Free compare and contrast essay examples

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Free compare and contrast essay examples

The following compare and contrast essay is a free example.  If you need custom essay written by experienced and educated writer, you should order professional essay writing help.  Our free writing guide has numerous pages with writing tips, advices and recommendations.  Our essay writing services are provided by professional writers who are never late with paper delivery.

Let us begin by noticing the first warning sign of conceptual and theoretical trouble ahead: the authorities do not agree among themselves as to which crimes are victimless. Edwin Schur, as we noted earlier, initially singled out under this rubric only the crimes of abortion, homosexuality, and drug addiction. The criminologist Jerome Skolnick mentioned private fighting and crimes of vice, such as gambling and smoking marijuana, narcotics, abortion, homosexuality, and prostitution. The jurist Herbert Packer identified fornication, gambling, and narcotic offenses as victimless crimes, but he also mentioned bribery and espionage in this category. Norval Morris, criminologist and jurist, cited drunks, addicts, loiterers, vagrants, prostitutes and gamblers as persons who commit crimes without victims; he explicitly excluded abortion from his list, although in his book with Gordon Hawkins, abortion was equally explicitly included among the crimes which "lack victims".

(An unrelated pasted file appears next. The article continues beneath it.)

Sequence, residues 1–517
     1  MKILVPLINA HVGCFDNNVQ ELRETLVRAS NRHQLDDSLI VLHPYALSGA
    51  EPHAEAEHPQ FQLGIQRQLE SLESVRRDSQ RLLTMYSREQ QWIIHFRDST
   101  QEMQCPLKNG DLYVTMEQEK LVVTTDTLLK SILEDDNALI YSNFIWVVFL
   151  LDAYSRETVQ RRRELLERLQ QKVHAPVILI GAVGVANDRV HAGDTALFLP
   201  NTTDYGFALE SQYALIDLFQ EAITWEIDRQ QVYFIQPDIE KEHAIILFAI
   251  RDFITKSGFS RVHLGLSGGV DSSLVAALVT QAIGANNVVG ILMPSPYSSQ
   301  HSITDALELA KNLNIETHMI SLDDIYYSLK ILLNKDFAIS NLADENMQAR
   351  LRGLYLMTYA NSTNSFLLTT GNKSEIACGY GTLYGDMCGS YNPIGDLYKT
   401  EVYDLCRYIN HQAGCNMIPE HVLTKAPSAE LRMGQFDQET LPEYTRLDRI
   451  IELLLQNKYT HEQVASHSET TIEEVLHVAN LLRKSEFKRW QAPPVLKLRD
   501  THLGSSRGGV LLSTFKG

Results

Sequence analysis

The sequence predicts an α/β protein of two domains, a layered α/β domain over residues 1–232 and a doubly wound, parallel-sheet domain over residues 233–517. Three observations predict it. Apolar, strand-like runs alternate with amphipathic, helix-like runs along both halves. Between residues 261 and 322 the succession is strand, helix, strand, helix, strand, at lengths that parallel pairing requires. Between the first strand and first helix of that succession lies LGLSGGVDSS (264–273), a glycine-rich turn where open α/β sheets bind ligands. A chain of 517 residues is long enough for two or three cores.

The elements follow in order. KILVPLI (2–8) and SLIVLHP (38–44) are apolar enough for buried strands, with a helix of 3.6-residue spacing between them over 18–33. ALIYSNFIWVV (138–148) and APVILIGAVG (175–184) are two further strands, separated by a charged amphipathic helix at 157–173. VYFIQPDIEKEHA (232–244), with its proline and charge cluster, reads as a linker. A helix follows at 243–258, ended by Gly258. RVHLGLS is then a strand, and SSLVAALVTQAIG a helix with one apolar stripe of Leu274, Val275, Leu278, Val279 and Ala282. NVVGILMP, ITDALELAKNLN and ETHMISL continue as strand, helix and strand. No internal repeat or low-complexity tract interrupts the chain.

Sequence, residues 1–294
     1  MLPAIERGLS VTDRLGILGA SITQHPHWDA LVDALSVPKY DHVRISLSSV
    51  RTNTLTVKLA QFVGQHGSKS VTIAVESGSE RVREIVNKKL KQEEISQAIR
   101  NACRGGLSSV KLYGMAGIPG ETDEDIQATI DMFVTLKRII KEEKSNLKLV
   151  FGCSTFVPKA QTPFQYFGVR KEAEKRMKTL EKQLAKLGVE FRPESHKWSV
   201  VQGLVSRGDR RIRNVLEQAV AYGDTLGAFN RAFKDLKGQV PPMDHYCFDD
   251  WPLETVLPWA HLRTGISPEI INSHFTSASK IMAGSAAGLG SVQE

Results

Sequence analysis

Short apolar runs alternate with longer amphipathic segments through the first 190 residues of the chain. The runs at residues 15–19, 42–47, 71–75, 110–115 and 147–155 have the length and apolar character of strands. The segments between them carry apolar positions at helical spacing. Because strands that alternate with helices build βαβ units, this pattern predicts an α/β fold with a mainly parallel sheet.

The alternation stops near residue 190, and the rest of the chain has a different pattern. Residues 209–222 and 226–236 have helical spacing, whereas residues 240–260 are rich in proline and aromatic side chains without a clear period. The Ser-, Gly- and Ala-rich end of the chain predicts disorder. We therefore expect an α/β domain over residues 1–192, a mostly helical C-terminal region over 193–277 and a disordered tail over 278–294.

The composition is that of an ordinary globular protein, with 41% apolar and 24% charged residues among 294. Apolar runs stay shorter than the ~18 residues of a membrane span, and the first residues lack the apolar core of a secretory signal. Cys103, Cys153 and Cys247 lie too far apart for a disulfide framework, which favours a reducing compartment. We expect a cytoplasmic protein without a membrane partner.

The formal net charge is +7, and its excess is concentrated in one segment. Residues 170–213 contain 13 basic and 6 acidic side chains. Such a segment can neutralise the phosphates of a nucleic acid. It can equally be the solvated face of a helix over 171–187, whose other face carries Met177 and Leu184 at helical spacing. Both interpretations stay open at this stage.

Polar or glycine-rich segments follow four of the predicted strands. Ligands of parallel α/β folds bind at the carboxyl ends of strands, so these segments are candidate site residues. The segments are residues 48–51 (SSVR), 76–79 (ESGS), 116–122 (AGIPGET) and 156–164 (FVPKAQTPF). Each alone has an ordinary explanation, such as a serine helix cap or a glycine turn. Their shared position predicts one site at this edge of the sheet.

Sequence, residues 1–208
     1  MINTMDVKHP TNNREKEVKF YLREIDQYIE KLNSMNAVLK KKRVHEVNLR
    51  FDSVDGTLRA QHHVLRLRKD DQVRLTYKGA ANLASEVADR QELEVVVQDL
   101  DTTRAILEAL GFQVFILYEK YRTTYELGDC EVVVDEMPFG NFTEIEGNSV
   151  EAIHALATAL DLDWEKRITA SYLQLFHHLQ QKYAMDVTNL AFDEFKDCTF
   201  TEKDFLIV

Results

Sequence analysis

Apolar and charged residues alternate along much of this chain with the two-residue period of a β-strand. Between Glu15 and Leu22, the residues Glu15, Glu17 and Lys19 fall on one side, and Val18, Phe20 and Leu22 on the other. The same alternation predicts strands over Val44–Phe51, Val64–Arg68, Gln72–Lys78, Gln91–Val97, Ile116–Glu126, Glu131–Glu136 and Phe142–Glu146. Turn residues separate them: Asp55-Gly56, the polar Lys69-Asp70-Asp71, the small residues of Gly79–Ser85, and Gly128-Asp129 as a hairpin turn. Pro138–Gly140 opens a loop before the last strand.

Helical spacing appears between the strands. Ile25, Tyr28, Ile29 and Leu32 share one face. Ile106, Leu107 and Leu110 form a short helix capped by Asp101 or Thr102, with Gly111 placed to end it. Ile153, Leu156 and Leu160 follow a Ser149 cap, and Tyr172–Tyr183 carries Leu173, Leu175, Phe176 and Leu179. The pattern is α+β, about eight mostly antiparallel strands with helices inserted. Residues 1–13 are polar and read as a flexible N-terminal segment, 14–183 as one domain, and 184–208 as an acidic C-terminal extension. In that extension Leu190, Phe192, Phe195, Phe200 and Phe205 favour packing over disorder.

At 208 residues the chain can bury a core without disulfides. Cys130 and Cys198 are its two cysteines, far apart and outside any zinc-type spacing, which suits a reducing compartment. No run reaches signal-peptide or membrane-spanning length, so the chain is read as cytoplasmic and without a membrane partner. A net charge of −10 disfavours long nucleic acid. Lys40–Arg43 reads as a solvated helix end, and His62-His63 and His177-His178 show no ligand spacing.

For the sake of summary and easy comparison, Table I lists the range of criminal offenses which the authorities we have discussed have identified as victimless crimes.While this table omits the views of many others who have written on this subject with equal authority, it is representative and will suffice for our purposes. The reader must be careful not to infer from the absence of a checkmark that the authority listed would necessarily exclude the offense in question from the category of victimless crimes. This is particularly true in regard to the obviously related activities described here as "drug addiction," "marijuana use" and "narcotic use." All that may be inferred from such absence is that the offense was not explicitly discussed or described as a victimless crime in the source cited. Thus, much of the apparent disagreement in these lists is owing to nothing more than selective discussion and illustration. Finally, it is important to keep distinct the class of victimless crimes and the class of offenses thought to deserve decriminalization. True, the main interest of the concept of victimless crimes derives from its usefulness in decriminalization proposals. The two concepts, however, only intersect; neither coincides with nor includes the other. Packer's discussion of bribery and espionage shows that even if these two crimes are victimless in some sense or other, it would still be unreasonable to recommend that bribery and espionage cease to be punishable offenses.